Variations in cancer care for adolescents and young adults (AYAs) with ductal carcinoma in situ.

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The breast journal


adjuvant therapy; ductal carcinoma in situ; tamoxifen; young adults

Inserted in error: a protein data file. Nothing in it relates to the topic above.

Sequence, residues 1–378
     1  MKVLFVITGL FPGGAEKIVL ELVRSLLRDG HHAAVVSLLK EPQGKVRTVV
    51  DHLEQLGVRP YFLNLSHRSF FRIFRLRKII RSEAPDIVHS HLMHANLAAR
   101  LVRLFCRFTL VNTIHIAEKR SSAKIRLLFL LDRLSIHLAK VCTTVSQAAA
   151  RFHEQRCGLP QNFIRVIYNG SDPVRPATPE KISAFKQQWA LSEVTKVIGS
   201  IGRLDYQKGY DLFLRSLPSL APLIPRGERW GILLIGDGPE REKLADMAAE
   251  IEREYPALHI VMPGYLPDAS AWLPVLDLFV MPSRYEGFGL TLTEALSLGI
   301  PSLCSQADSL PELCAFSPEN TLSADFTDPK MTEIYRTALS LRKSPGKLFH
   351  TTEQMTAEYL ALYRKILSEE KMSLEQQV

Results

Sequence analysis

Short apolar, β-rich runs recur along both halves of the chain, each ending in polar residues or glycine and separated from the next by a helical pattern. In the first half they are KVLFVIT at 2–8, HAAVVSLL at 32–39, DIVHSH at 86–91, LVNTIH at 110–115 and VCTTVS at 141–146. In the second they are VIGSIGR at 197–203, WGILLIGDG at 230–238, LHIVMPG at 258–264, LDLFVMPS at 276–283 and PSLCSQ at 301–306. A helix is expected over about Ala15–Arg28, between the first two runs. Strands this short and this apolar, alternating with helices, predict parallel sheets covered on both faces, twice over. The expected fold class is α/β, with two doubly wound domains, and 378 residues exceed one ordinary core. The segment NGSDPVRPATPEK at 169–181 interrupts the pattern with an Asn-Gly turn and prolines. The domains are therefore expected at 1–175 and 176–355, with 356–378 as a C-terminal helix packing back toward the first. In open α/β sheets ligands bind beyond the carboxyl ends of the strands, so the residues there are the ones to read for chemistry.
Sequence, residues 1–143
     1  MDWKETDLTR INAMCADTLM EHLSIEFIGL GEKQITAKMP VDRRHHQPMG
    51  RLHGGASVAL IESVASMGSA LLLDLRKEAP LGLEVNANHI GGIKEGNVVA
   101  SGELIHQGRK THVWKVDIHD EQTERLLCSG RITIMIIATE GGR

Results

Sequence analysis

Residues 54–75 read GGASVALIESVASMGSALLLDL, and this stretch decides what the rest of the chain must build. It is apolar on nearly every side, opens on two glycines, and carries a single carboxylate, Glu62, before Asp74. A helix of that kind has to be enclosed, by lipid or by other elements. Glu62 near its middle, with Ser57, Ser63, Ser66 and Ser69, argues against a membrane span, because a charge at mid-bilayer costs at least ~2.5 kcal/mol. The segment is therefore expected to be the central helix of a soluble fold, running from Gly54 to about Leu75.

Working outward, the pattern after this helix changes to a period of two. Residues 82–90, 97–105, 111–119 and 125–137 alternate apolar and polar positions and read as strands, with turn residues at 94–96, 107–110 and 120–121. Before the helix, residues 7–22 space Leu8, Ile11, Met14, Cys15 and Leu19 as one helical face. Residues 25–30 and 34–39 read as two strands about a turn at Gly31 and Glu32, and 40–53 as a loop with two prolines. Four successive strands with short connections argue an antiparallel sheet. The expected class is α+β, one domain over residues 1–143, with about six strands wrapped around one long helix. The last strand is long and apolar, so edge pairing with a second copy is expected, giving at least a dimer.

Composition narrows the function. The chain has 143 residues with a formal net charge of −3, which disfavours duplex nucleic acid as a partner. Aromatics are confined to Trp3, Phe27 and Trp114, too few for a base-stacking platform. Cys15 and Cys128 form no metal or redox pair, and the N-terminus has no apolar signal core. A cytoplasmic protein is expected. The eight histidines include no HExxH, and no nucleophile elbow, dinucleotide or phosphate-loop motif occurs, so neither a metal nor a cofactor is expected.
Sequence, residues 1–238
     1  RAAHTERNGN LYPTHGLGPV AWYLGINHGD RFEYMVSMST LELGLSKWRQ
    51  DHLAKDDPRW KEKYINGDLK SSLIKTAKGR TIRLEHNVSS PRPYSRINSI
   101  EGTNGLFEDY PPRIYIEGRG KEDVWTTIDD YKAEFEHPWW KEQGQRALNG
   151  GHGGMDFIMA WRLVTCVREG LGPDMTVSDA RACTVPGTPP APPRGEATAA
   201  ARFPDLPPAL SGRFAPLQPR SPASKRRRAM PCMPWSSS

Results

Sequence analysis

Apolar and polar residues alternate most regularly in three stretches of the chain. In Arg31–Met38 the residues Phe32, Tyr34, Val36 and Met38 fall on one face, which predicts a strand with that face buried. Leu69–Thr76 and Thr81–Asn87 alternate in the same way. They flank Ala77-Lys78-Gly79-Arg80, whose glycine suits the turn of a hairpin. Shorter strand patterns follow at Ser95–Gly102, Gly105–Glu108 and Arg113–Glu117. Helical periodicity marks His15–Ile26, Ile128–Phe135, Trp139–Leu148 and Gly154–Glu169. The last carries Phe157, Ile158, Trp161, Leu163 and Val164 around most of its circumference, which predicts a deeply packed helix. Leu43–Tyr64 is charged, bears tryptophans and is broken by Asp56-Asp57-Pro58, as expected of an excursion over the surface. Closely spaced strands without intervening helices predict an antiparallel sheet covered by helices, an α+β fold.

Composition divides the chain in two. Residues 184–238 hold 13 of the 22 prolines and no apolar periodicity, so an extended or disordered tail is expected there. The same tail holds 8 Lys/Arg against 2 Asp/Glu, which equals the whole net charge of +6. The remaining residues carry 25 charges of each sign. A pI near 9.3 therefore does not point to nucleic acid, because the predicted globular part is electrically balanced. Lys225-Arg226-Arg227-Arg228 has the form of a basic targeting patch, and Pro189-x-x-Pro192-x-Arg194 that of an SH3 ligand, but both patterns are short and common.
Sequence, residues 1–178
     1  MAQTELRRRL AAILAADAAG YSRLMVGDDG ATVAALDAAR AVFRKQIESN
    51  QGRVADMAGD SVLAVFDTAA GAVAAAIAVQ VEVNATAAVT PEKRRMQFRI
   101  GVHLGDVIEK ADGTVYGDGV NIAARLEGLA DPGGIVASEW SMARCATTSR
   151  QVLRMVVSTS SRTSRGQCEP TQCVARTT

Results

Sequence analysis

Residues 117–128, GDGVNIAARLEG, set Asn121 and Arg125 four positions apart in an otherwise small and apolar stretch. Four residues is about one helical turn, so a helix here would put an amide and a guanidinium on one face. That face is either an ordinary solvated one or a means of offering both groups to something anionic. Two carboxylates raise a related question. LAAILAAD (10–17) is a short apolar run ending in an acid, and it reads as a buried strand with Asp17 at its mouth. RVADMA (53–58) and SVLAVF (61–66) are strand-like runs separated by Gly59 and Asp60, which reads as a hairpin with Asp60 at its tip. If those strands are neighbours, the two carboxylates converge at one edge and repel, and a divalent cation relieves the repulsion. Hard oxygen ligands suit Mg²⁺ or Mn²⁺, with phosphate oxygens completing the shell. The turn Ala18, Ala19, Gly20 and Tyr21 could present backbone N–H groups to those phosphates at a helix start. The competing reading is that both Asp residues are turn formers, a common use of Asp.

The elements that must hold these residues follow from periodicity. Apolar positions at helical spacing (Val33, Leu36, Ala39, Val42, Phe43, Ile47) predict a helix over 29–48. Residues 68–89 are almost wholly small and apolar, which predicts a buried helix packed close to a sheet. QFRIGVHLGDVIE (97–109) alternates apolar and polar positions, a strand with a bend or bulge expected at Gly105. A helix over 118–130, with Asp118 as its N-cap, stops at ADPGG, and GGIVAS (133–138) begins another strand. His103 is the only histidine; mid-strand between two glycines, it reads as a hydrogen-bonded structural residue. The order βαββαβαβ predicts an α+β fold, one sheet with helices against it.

NCCN guidelines recommend tamoxifen (TAM) for adjuvant treatment of ductal carcinoma in situ (DCIS). TAM has side effects that can potentially complicate treatment recommendations and patient acceptance. It is unknown how well-accepted this recommended therapy is for the adolescent and young adult (AYA) patient population with DCIS. The NCDB was used to identify patients aged 15-39 with DCIS treated between 2000 and 2012. Patient demographic, socioeconomic, and treatment data were collected. Chi-squared test and multivariate analysis were used for statistical assessment. A total of 3988 women were identified of which 1795 (45%) were recommended for endocrine therapy. Age > 30 (OR 1.31, 95%CI 1.01-1.70), Black (OR 1.40, 95% CI 1.12-1.65), or Asian (OR 1.45, 95% CI 1.08-1.94) race, treatment at a nonacademic facility (OR 0.71, 95% CI 0.56-0.91), geographic location of treating facility, receipt of radiation (OR 5.30, 95% CI 4.59-6.11), and negative margins (OR 2.14, 95% CI 1.47-3.11) were significant predictors of recommendation for endocrine therapy. Of those recommended, 1484 (83%) accepted treatment. Age, race, and annual income were significant variables affecting acceptance. Overall, only 37.2% (1484 of 3988) of women in this study initiated endocrine therapy for treatment of DCIS. Our results demonstrate that little over a third of patients in the AYA cohort receive endocrine therapy as treatment for DCIS. The bias appears to lie in physician recommendation because when recommended, the majority of patients accept treatment. Factors exist both medical and nonmedical that appear to influence these treatment decisions.

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